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Kids Company's work should be resurrected by future government, Batmanghelidjh says

27 Apr 2021 News

Camila Batmanghelidjh, founder, Kids Company

Camila Batmanghelidjh has said that she wants to continue Kids Company's work with a future government, and that she has been operating under pseudonyms.

Kids Company collapsed in 2015 and this February the former directors and chief executive won a High Court case against the Official Receiver, which had tried to disqualify them from being company directors. 

Batmanghelidjh, Kids Company's founder and chief executive, addressed a meeting organised by Public Interest Psychology, last Friday.

She revealed that she has been helping other charities develop services for traumatised children since the demise of Kids Company, although she was trying to keep this work secret from the media.

‘Watch this space’

Asked by one guest at the event what she is “up to now”, Batmanghelidjh said: “I am working on putting together what we were going to do [at Kids Company before it collapsed], which is to do the redesign of children’s services using international expertise. 

“And what I am hoping is that we can come up with the model, and then maybe a government which comes in and wants to do something really serious could pilot it.”

She added: “I am helping some other charities acquire a better understanding of traumatised children and how to deal with them on a day-to-day basis.

“So watch this space. There are some interesting projects coming up.

“I am trying to keep [my name] out of them so that the Daily Mail doesn’t chase people.”

Batmangheligjh also said that “a handful of funders” had given her money to keep supporting some of the most vulnerable children on Kids Company’s books, after the charity went bankrupt.

Asked for further details about the identity of these charities and funders, Batmangheligjh told Civil Society News: “I do not have permission from the organisations I work with to name them. They can name themselves if they want to.

“The identity of the philanthropists who helped me in the last six years also has to remain anonymous.” 

Working under pseudonyms

Batmanghelidjh also claimed that has written a number of programmes related to child services under assumed names in the last six years, some of which have been adopted by government.

She told the event: “I have fun picking pseudonyms.

“The government doesn't know how many programmes I have written under different pseudonyms in the last six years that they are adopting.

“If they knew I'd done it, none of them would be picked up.”

Public Interest Psychology announced that it will be coordinating a letter-writing campaign to newspapers to try and combat some of the negative publicity Kids Company and Batmanghelidjh has received since her charity went bust.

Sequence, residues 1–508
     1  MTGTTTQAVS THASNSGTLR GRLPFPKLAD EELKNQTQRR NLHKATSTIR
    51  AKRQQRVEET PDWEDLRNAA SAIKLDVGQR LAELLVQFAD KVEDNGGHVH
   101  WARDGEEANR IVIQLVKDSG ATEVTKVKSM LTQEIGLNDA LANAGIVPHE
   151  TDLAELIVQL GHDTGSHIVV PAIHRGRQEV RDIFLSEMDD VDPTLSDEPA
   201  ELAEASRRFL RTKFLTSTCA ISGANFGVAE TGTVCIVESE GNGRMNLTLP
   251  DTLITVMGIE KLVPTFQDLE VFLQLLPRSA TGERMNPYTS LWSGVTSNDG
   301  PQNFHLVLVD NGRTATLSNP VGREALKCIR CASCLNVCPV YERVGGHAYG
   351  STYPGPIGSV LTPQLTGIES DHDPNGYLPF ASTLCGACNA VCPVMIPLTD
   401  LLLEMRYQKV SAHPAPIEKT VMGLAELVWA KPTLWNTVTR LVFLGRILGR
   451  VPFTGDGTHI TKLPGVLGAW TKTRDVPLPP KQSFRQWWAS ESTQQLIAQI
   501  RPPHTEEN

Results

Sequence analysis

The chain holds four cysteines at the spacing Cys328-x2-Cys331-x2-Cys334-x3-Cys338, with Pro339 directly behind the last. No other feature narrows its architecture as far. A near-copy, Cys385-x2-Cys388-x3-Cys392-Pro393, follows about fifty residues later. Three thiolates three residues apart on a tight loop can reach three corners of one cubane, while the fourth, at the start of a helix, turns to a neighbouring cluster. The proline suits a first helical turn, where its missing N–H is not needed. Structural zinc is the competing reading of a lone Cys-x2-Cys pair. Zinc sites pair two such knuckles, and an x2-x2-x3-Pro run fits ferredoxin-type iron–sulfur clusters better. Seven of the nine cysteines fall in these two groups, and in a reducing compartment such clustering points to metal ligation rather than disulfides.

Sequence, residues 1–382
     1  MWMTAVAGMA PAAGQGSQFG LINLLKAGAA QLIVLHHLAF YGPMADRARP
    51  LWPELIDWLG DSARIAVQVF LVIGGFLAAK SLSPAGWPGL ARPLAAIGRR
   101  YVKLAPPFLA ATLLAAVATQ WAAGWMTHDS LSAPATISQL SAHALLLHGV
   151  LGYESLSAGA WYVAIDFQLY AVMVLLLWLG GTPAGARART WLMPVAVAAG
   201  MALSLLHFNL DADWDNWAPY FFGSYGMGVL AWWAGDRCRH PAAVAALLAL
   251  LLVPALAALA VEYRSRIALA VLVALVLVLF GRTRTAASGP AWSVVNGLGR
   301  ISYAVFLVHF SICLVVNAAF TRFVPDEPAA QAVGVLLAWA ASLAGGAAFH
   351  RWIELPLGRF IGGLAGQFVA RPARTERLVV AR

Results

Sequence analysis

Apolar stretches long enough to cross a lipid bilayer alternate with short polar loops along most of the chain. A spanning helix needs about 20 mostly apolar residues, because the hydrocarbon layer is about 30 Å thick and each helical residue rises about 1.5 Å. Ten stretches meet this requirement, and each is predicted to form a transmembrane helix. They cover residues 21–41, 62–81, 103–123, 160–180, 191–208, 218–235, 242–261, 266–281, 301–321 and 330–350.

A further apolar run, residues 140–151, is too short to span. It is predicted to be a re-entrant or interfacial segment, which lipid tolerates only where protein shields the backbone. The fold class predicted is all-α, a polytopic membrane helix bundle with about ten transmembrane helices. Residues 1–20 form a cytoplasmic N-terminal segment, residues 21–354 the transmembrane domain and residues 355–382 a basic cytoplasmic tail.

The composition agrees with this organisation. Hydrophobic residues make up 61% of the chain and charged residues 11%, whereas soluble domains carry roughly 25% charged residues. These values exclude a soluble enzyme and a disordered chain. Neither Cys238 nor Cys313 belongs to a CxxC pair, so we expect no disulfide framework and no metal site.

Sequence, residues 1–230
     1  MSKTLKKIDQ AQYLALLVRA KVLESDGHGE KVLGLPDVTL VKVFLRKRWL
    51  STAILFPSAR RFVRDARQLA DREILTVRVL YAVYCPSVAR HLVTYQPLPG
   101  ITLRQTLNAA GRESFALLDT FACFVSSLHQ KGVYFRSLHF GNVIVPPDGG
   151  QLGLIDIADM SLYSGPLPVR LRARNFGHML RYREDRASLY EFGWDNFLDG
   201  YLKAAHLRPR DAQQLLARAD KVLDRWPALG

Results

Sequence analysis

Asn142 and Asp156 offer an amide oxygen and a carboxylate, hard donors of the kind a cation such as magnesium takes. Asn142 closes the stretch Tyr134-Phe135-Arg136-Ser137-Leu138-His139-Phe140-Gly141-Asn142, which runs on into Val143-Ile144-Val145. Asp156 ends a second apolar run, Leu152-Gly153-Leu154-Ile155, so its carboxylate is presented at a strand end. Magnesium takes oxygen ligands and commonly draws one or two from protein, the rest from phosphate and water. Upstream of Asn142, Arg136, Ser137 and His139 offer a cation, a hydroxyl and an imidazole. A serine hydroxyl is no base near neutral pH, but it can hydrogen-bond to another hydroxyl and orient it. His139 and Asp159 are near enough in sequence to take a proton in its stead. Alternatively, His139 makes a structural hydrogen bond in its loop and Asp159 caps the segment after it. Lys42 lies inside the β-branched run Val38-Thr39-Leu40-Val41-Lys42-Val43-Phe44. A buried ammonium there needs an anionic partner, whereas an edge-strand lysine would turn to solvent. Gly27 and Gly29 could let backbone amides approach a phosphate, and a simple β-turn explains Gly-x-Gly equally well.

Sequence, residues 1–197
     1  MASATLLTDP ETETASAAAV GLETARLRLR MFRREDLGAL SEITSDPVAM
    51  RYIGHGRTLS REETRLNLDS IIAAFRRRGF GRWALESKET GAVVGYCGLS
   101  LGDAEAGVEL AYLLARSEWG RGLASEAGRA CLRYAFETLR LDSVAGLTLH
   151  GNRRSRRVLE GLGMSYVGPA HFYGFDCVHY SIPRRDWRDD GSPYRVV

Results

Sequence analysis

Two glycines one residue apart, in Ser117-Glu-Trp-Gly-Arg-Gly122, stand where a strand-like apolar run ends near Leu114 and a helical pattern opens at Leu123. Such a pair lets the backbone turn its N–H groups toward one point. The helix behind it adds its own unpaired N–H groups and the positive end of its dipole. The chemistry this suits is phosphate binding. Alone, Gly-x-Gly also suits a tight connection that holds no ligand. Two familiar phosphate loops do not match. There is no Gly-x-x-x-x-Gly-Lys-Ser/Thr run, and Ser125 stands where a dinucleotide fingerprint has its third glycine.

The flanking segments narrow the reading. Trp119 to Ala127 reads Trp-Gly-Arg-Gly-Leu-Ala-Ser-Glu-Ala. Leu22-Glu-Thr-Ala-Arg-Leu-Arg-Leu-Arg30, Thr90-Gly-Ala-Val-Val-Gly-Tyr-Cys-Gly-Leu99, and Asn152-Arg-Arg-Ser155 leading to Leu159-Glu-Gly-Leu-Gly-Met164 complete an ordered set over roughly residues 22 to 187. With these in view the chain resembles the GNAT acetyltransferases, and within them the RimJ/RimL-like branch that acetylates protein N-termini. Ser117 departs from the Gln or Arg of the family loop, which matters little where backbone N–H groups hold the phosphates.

Batmangheligjh: Charity Commission is being 'weaponised'

Answering a question about how other charity leaders could learn from her experience, Batmangheligjh answered: “What is happening at the moment is, I’m afraid, the government is using the Charity Commission and other agencies. 

“They are weaponising them against charities, because they don't want charities to campaign, they want charities to be a service delivery on the whole. 

“One of the recommendations I would make to you, which is what I made our organisations do, is pick up every tick box that anyone could do you in for.”

She added that charities should make sure their paperwork and systems are “all fixed up, so that there isn't a hole they can get you through. 

“I'm sorry to say this to you, but you have to do it, because if they come for you, it will be through some systemic accusation, and you don't want to leave room for it”.

The Charity Commission declined to comment.

Investigations into Kids Company

A parliamentary inquiry published in 2016 said that the charity failed because of “negligent financial management”, after operating in debt and with no reserves for several years before going broke.

However, this year’s High Court judgment absolved the charity's directors of blame and concluded that Kids Company’s business model was not “unsustainable in principle”.

A Charity Commission inquiry into the charity’s closure, which started in 2015 and was delayed by the Official Receiver’s case, is expected to be released shortly.

For more news, interviews, opinion and analysis about charities and the voluntary sector, sign up to receive the Civil Society News daily bulletin here.

 

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